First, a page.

The car will earn emissions credits for BMW in markets such as California, reducing the likelihood that BMW will have to pay fines for failing to comply with carbon dioxide restrictions and giving BMW headroom under those rules to keep selling its more profitable internal combustion models.
Mr. Reithofer said he is "confident" that BMW can sustain growth in overall sales volumes in the second half of 2013, despite challenging market conditions in Europe. The BMW i3 won't contribute much to this year's sales figures because the car won't start hitting showrooms in volume until early 2014.

Others are planning pricey electric models. Daimler AG's Mercedes-Benz brand plans to launch an electric version of its B-Class compact next year, and General Motors Co.'s GM -0.79% Cadillac plans a plug-in hybrid based on the technology in the Chevrolet Volt. The head of Volkswagen AG's Audi brand said it may delay plug-in models until better battery technology is developed.
BMW's immediate rival in the plug-in luxury segment, particularly in the U.S. market, is Tesla Motors Inc. The Tesla Model S luxury sedan has up to 265 miles of driving range and starts at $69,900 before tax breaks.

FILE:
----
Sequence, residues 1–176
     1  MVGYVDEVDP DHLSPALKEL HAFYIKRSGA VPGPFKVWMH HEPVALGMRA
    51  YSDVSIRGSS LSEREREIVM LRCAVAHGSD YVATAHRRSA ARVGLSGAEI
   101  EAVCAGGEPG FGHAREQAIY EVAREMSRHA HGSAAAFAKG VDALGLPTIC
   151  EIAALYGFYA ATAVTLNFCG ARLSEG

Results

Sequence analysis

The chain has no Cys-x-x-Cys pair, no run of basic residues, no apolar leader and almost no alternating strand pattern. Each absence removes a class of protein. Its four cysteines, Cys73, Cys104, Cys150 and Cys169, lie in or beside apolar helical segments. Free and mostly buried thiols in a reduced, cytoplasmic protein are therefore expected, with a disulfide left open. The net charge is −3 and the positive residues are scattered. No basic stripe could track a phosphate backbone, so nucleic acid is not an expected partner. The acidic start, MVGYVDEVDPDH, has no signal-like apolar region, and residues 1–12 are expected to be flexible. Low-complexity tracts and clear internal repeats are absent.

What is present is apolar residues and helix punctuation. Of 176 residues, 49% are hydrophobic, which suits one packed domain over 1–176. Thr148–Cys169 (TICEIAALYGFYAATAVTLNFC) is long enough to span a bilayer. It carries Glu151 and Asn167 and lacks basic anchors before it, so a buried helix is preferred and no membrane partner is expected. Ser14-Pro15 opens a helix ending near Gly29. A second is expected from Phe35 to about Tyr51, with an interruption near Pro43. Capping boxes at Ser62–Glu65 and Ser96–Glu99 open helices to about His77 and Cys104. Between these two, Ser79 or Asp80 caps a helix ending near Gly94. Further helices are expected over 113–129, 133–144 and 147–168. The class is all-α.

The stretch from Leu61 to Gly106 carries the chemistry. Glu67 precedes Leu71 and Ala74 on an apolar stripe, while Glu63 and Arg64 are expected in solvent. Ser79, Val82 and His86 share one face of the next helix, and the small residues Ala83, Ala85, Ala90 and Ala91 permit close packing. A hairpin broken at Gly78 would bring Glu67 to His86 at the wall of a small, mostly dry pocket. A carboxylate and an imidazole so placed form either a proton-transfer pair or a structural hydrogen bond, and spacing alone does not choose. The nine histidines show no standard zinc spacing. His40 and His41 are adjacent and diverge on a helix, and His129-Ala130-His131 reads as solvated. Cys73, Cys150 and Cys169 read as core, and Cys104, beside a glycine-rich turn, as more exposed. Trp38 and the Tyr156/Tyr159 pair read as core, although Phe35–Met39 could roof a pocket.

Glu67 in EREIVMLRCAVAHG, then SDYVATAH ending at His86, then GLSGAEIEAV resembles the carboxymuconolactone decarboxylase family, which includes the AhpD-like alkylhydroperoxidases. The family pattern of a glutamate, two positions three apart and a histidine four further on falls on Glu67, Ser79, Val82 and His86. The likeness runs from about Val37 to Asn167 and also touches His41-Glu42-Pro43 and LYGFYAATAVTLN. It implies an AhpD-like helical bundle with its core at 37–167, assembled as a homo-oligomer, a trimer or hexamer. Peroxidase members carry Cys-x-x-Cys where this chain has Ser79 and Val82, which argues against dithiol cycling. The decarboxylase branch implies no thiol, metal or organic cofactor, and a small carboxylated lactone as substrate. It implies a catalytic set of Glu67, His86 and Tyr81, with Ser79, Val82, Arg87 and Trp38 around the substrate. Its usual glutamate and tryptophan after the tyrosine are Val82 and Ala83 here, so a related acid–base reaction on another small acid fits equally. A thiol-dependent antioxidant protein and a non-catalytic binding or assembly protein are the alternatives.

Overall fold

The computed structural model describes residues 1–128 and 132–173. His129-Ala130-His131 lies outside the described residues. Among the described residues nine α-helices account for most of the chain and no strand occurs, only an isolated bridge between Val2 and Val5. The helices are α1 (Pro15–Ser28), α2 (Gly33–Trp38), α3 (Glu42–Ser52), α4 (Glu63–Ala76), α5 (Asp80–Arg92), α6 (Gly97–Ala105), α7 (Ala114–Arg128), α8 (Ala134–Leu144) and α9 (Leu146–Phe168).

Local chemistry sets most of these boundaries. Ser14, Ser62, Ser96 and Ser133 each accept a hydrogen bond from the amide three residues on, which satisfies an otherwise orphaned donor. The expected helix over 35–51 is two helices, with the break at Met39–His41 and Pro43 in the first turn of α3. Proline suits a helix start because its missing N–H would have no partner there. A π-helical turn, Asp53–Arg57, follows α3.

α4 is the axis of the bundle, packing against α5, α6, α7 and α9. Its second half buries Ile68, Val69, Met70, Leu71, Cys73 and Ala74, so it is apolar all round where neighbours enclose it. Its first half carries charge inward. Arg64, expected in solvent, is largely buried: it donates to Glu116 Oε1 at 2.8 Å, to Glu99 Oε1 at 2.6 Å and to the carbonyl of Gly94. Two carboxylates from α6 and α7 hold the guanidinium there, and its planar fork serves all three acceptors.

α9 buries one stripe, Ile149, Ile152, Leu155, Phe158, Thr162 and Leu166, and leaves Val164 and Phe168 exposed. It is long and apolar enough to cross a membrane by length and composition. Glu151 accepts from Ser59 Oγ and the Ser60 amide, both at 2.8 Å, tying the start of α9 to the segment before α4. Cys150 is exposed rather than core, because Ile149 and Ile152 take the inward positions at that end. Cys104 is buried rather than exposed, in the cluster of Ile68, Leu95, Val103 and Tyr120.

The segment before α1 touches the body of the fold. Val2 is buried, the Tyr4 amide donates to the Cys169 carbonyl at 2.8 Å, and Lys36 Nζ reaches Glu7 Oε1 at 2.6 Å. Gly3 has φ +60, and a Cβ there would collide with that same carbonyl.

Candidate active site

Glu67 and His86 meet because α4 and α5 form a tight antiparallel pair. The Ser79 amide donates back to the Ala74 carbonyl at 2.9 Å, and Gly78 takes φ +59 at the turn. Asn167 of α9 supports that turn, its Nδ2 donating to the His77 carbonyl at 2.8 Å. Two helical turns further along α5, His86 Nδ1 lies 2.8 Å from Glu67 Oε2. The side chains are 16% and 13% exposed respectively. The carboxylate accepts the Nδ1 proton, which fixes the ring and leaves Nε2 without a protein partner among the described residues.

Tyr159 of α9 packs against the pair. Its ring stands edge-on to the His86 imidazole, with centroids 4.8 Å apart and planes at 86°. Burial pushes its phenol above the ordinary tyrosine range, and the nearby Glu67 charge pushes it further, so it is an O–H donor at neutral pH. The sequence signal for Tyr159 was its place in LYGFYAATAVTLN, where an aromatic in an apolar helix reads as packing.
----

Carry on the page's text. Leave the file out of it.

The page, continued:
Mr. Reithofer said the i3 is one of two "bookmarks" in the company's initial plug-in model strategy. BMW plans to launch next year a sportier cousin to the i3 called the i8, which will have an electric motor driving the front wheels and a three-cylinder gasoline engine driving the rear. Project director Ulrich Kranz said on Monday the plug-in hybrid i8 isn't a direct rival to the large Model S sedan.
"It's a super sports car," he said. The i8 will be smaller than the Model S, and will offer the driving dynamics of BMW's M3 high performance model but with the fuel efficiency of a small car, Mr. Kranz said.
Mr. Reithofer was cautious when asked if BMW plans a larger family of battery electric models. The i3 and i8 are a "good start," he said. "We'll look now into the year 2014 and '15 and then we will make decisions."
 
The new i3 is expected to be priced at $41,350 before incentives.
The BMW i3 was designed to be a lightweight, battery electric vehicle. The substructure of the passenger compartment is made from carbon fiber and the chassis is aluminum. BMW says it will offer fast charging capability.
The i3's unique structure makes possible novel features such as clamshell doors. BMW used dried grass to create a wood-like dashboard material, and recycled plastics are the raw material for the seats.
With electric vehicles, says Mr. Reithofer, "you need range. And if you use lightweight construction, range will be better." BMW officials say driving the i3 should convince prospective buyers that it is a better quality car than other lower-cost electrics.
BMW says the i3 will deliver 80 to 100 miles of driving between charges.The Fiat SpA's Fiat 500e, which starts at $32,600 before tax breaks, has a range of 87 miles. Nissan Motor Co.'s Leaf, which starts at just under $30,000, can go 75 miles, according to the Environmental Protection Agency's measures. General Motors' Chevrolet Volt can travel 38 miles on electricity, and 380 total once the gasoline engine kicks in.